WASHINGTON -- General Motors restructuring plan, demanded by the federal government, is coming together, but work remains to be done, GM CEO Rick Wagoner said today.
Were making progress where we need to make progress, Wagoner told reporters on a visit to Capitol Hill. He declined to identify any major hurdle but noted that the time horizon is short, and there are a lot of pieces coming together.
GM and Chrysler LLC are required to present viability plans to the Treasury Department by Tuesday, Feb. 17. The Bush administration demanded the plans as a condition of pledging $17.4 billion in emergency loans to the automakers last December.
Wagoner said the work force and salary cuts GM announced today were a painful part of adjusting operations to market realities. He said they were not specifically designed to comply with federal demands, although he added that the plan requires GM to determine the resource level we can afford.
If the government determines the automakers plans do not show long-term viability, the federal loans must be repaid -- a step that could push the companies into bankruptcy. The Obama administration has not changed the conditions of the loans set by the administration of former President George W. Bush.
Wagoner met privately today with new chairmen of key congressional committees: Rep. Henry Waxman, D-Calif., chairman of the House Energy and Commerce Committee; Rep. Edward Markey, D-Mass., chairman of that panels environmental subcommittee; and Sen. John Rockefeller, D-W.Va., chairman of the Senate Commerce Committee.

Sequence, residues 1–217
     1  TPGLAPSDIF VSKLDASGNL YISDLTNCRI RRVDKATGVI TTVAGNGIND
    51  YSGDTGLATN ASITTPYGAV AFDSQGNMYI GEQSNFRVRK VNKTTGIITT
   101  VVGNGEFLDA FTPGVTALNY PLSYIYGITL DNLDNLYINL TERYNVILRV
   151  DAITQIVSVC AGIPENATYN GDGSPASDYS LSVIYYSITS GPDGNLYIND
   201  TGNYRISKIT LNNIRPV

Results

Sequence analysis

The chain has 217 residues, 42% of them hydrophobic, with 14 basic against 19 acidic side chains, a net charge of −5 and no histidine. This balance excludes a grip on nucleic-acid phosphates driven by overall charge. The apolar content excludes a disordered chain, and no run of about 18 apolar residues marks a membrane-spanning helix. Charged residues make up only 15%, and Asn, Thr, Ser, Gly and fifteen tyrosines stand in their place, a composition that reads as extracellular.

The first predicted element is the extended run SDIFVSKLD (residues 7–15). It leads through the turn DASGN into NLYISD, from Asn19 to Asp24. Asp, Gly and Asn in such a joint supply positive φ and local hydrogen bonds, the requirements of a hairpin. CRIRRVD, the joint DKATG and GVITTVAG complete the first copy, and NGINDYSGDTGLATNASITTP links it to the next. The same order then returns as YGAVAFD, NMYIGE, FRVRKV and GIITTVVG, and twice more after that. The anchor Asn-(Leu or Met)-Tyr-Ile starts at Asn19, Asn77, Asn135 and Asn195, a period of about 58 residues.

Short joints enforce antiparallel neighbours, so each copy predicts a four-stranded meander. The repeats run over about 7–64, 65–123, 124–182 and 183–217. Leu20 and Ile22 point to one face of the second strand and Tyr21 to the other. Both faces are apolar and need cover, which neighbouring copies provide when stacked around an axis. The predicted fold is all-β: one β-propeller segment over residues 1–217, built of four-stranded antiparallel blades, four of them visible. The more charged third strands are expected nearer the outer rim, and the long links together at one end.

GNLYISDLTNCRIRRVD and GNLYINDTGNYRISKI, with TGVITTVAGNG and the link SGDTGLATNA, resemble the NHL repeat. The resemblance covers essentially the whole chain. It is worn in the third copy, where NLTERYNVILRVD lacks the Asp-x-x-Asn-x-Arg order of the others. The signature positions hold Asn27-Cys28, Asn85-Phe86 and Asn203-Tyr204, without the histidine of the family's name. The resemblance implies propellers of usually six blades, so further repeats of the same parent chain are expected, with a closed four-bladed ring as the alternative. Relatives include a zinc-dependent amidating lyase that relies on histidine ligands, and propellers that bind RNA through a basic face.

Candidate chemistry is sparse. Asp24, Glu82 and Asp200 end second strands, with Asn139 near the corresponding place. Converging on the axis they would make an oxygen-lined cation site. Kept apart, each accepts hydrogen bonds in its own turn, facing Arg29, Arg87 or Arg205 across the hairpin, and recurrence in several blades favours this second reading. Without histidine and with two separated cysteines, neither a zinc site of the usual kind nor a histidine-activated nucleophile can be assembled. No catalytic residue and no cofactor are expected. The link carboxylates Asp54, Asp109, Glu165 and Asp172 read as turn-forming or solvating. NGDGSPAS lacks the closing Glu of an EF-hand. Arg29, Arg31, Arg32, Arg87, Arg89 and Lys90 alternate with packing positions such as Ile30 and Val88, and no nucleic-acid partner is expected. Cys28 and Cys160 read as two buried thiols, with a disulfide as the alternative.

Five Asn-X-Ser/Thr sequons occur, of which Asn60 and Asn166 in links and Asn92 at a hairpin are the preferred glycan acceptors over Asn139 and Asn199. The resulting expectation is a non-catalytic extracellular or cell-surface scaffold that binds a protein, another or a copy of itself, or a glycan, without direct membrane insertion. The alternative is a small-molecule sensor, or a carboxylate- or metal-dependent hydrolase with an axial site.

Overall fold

Wagoner also met with Rep. Sander Levin, D-Mich.
GM spokesman Greg Martin said the visits were courtesy calls with no specific agenda.
Waxman could be crucial to the automakers future. A frequent critic of the industry, he is a strong proponent of state greenhouse gas rules and of a national cap-and-trade program to combat climate change.
The industry says it needs a single national standard to deal with fuel economy and climate change -- preferably the fuel economy program administered by the Transportation Department.
Wagoner said climate change was among the topics of his meeting with Waxman. He declined to characterize the discussion. Waxman did not meet with reporters.
I appreciated the chance to sit down, Wagoner said. Obviously the chairman is very well-informed on the issues, so it was good for us to hear his views.